Such a conversation is never easy, but thanks in part to greater publicity about this problem and its treatment, many obstacles have been toppled. In reality, your doctor must diagnose the cause of your erectile dysfunction in order to recommend an effective treatment. While therapy usually does involve medication, erectile dysfunction is sometimes a symptom of an underlying condition that requires its own treatment.
Also, medication is more effective for some causes of erectile dysfunction than for others. And if a psychological condition is ificantly involved, you may benefit from counseling with a mental health professional trained in sex therapy. At first, the doctor will probably ask you about your medical history.
Do you have any chronic illnesses?
What illnesses and operations have you had in the past? What medications are you taking, if any? Your doctor is also likely to ask about your psychological well-being and lifestyle: Do you suffer or have you ever suffered from depression? Are you under a lot of stress? Do you drink alcohol? Use illegal drugs? Have you felt a loss of affection for your partner?
Have you recently grown interested in a new partner? As part of this health history, be prepared to tell your doctor specific details about the symptoms that brought you to the office and when they began. Your doctor may conduct a written or verbal screening test.
If the cause is clear — a recent operation for prostate cancer, for example — the conversation may move directly to your treatment options. Otherwise, you may need to answer more questions to help the doctor narrow down the possible causes and avoid unnecessary testing. A key issue is whether the symptoms came on gradually or suddenly. Erectile dysfunction that comes on gradually often points to causes that involve blood flow or nerves.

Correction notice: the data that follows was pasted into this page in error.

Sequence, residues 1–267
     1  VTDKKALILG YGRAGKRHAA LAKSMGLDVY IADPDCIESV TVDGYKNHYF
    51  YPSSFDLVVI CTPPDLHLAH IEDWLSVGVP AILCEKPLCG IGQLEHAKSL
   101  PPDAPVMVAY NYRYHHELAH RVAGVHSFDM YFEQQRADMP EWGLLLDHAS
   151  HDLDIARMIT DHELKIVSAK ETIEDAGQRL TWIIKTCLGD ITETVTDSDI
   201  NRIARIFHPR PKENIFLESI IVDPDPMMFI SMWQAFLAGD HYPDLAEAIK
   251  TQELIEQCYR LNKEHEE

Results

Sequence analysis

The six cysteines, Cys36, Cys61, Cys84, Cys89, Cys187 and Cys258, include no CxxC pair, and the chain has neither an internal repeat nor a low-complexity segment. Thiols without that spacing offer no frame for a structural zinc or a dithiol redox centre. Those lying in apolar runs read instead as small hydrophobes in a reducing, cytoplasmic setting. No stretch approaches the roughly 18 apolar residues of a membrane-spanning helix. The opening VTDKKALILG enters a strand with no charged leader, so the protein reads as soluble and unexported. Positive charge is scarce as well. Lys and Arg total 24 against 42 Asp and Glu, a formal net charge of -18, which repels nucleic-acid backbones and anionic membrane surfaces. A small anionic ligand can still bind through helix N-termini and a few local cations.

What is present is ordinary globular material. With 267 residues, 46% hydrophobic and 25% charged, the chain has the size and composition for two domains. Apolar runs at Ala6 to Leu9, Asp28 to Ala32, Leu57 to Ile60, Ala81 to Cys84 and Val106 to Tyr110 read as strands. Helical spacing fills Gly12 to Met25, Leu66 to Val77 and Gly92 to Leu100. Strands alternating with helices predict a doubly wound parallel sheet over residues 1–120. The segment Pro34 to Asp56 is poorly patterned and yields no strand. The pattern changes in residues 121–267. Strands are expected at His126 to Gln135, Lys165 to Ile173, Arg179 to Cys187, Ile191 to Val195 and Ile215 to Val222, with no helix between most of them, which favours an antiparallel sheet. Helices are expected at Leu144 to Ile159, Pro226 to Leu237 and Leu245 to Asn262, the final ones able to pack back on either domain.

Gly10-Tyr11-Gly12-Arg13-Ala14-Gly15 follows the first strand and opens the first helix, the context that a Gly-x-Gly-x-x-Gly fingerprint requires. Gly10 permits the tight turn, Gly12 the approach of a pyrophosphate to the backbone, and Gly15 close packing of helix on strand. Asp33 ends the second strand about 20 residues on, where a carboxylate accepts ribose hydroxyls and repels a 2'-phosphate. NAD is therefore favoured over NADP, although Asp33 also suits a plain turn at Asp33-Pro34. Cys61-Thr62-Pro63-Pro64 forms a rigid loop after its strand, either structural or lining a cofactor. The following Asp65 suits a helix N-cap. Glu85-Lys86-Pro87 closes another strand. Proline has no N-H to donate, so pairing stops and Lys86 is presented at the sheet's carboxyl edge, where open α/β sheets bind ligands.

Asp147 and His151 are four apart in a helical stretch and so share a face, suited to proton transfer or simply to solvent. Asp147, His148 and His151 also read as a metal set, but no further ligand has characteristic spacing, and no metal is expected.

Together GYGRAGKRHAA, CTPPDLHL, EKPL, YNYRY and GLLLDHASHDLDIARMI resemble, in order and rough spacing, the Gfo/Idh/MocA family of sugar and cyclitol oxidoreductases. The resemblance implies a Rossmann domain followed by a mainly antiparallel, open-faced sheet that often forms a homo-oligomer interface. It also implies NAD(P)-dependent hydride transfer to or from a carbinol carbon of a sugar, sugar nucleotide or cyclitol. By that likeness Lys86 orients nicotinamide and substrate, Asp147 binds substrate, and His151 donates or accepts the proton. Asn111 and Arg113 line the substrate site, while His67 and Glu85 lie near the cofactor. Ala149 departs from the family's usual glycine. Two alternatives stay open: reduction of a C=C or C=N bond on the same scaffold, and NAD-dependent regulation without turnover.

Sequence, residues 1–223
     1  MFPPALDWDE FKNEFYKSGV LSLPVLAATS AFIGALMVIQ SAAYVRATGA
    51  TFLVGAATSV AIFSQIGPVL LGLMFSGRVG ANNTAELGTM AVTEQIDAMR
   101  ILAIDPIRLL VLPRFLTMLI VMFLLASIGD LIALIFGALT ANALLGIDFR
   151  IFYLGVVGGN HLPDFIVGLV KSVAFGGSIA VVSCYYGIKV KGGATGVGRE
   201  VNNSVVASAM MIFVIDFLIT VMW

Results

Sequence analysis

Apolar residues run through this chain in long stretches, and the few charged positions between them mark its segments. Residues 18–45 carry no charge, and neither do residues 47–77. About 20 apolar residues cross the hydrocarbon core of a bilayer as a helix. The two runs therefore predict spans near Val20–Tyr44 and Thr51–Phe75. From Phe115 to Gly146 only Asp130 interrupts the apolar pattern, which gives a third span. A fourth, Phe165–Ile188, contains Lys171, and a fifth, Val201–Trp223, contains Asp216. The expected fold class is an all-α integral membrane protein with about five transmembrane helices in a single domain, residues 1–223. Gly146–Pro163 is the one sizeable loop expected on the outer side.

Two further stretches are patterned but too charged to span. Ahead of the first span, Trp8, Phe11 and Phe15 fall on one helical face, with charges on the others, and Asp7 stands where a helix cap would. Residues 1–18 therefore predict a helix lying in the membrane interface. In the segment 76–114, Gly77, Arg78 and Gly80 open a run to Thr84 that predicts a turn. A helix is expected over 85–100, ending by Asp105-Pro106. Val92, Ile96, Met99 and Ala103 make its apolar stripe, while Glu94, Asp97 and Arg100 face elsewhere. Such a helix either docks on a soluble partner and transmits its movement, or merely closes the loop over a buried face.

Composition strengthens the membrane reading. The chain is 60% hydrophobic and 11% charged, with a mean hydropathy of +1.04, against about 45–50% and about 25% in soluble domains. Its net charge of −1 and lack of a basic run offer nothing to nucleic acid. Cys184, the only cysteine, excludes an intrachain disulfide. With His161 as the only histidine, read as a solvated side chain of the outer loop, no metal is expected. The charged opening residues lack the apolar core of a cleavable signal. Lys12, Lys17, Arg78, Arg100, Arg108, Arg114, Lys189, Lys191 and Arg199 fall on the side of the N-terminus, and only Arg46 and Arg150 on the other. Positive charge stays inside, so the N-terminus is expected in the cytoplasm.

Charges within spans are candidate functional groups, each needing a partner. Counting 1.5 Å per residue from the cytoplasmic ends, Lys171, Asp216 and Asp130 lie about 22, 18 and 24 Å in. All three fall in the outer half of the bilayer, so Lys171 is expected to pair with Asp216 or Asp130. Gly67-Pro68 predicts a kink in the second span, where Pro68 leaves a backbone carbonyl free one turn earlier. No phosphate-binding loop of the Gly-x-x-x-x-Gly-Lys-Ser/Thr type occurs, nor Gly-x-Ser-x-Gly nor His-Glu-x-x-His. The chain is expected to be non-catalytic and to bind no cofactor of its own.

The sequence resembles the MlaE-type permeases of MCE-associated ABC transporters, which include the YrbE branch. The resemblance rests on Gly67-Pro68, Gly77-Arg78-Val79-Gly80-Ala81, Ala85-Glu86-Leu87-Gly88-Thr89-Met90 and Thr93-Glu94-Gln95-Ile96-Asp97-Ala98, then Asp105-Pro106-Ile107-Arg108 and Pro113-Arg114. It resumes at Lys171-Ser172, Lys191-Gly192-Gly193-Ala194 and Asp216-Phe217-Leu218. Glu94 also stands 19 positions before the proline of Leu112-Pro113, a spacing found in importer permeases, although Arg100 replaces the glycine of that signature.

On the other hand, a sudden loss of sexual desire or the ability to have erections usually suggests that a medication or psychological difficulty, such as depression or stress, may be to blame. The ability to do so is an important clue in determining whether the problem is psychologically or physically based see Table 1. Takes your blood pressure and listens to your heart. Checks pulse in groin and feet.
Checks your abdomen for aortic aneurysm. Tests reflexes of your knees and ankles, as well as anus. Checks for sensation in your legs and feet. Checks your prostate. Assesses the history of the problem, especially whether it started suddenly and if nocturnal erections are affected.
During the physical exam, the doctor will listen to your heart for s of a murmur and other abnormalities that can affect blood flow. He or she will also take your blood pressure; both high and low blood pressure can impair blood flow.
The doctor will check your pulse in several places — at the wrist, ankle, and groin. Slow or low pulse in any of these areas can mean that not enough blood is reaching tissues in the extremities, including the penis. In addition, the doctor will examine your testicles, penis, and chest. Abnormally small testicles and enlarged breasts are sometimes s of inadequate testosterone. Your doctor may check the prostate gland for s of infection or cancer, by doing a digital rectal exam.